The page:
Mayor of London Sadiq Khan announces plans for a unit aiming to divert young people away from knife crime. The idea is based on a successful approach used in Scotland. So, what can the English capital learn?
Scotland’s Violence Reduction Unit (VRU) was set up to stem the tide of knife crime which saw Glasgow become Europe’s murder capital.
From its formation in 2005 the VRU proposed a fresh approach to tackling the problem.
Its key message was that gang-related stabbings and slashings were not just a policing issue but a public health issue. The unit’s motto was a simple one: “Violence is preventable, not inevitable.”
In 2004/05 there were 137 murders in Scotland. But by 2016/17 the total had more than halved to 61.
Over the years the VRU has worked closely with partners in the NHS, education and social work.
It has stressed the importance of positive role models and its projects have been shaped by statistics.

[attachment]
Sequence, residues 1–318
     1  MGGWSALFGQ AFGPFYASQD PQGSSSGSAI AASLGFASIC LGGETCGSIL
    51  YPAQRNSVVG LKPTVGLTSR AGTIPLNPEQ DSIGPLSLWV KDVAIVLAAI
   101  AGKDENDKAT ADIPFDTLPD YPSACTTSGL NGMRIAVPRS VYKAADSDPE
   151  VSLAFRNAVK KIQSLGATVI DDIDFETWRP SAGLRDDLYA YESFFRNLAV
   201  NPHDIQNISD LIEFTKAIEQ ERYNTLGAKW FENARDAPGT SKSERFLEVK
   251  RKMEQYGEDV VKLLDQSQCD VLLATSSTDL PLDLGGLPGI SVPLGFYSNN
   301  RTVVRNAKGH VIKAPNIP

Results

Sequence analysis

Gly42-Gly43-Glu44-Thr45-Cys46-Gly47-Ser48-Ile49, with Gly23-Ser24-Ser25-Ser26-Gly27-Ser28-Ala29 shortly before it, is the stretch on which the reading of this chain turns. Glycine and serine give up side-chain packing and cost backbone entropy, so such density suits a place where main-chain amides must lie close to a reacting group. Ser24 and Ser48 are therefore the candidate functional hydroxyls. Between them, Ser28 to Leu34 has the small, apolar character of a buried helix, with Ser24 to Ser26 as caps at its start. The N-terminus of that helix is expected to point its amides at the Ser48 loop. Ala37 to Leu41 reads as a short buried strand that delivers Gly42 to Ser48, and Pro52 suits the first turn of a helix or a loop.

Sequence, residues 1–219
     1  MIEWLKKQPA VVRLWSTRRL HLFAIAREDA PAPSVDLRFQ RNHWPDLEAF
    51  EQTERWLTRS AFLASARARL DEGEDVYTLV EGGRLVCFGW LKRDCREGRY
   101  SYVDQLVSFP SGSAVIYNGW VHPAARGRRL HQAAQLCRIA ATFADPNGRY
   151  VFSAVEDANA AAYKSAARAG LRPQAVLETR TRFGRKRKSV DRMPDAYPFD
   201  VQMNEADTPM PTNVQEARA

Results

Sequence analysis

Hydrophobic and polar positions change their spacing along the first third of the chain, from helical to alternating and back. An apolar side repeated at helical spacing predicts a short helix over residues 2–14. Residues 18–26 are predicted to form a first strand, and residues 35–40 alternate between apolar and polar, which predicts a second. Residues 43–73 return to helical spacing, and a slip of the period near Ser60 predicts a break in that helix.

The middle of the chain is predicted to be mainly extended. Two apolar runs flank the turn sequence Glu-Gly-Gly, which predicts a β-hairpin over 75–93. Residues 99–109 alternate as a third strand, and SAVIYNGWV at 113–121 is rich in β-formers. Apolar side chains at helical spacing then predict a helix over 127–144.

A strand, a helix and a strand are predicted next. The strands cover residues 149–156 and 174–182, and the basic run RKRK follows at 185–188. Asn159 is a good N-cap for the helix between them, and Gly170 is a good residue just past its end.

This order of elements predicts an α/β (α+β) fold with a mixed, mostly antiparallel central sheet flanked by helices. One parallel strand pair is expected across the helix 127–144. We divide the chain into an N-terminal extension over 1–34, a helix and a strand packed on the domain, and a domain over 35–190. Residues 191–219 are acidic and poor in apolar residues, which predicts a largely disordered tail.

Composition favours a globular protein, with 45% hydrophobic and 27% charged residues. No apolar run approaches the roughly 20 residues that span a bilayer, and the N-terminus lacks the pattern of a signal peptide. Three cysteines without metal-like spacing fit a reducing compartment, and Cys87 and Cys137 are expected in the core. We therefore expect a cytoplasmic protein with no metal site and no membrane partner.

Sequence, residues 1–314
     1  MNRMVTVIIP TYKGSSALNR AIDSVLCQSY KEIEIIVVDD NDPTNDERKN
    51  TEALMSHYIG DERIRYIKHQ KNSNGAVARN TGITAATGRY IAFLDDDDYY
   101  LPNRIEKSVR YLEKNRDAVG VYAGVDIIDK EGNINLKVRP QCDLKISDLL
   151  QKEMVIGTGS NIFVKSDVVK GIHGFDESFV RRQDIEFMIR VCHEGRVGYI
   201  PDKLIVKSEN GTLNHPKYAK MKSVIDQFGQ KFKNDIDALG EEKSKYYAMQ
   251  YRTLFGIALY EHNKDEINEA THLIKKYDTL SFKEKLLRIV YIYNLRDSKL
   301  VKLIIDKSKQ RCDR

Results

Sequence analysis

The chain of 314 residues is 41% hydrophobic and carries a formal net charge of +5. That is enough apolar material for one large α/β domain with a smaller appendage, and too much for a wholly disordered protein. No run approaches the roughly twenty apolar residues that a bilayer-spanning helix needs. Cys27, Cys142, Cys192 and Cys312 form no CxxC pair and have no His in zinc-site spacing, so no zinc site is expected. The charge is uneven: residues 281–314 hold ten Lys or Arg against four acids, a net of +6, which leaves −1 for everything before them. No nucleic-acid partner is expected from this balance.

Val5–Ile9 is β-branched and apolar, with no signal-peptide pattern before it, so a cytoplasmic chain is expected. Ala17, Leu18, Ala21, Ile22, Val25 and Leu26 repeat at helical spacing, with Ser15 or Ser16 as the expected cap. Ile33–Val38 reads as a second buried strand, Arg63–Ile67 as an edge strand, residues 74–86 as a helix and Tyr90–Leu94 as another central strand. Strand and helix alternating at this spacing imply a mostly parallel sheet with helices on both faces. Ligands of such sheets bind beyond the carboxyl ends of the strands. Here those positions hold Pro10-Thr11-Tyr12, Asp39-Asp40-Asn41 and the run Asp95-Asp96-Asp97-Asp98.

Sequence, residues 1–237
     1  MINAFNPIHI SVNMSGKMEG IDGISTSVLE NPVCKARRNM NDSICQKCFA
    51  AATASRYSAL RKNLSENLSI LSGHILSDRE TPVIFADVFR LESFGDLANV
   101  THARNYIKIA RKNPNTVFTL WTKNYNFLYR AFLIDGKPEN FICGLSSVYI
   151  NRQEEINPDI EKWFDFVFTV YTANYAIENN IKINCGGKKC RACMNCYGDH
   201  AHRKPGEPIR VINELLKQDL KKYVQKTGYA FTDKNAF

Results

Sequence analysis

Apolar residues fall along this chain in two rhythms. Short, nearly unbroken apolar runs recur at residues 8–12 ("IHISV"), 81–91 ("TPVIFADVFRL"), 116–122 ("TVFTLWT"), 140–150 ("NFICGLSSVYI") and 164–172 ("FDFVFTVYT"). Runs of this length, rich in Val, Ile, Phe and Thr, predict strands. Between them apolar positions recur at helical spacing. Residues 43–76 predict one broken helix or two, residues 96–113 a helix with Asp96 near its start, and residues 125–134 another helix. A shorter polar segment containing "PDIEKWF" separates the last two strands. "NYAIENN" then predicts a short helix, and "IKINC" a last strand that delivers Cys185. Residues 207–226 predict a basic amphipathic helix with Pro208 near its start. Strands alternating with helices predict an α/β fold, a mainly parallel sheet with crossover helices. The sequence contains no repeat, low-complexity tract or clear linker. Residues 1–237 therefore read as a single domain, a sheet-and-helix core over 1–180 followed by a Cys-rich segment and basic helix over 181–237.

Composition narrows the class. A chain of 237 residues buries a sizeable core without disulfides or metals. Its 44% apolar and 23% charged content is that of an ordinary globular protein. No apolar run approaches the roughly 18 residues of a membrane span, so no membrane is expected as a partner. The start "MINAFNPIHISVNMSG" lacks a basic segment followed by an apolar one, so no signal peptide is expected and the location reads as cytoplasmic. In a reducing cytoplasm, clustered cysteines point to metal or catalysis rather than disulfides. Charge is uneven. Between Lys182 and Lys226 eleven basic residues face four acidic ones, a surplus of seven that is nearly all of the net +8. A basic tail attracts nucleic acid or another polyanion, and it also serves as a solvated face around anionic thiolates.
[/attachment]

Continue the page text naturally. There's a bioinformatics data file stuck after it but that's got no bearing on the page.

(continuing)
Former director John Carnochan once showed me a jagged graph of violent crime in Glasgow. It included many spikes but at one point it plummeted dramatically.
Mr Carnochan explained: “That was Valentine’s Day.”
Love may virtually halt violence once a year but other factors have helped Glasgow shed its unwanted reputation as No Mean City.
BBC Scotland looks at five key aspects of the VRU’s work.
Glasgow’s gang culture was highlighted in the 1960s when singer Frankie Vaughan visited Easterhouse to speak to young people.
He famously convinced rival leaders to shake hands and give up their weapons.
Fast forward four decades and the then Strathclyde Police Chief Constable Sir Stephen House invited teenagers from some of the most deprived areas of the city to Glasgow Sheriff Court.
The symbolism was powerful as Sir Stephen urged them to renounce violence or risk returning to the court for real.
The VRU made bold statements to young people in simple, no nonsense terms. For example, chalk outlines of a body and a knife once appeared in 15 areas identified as gang trouble spots.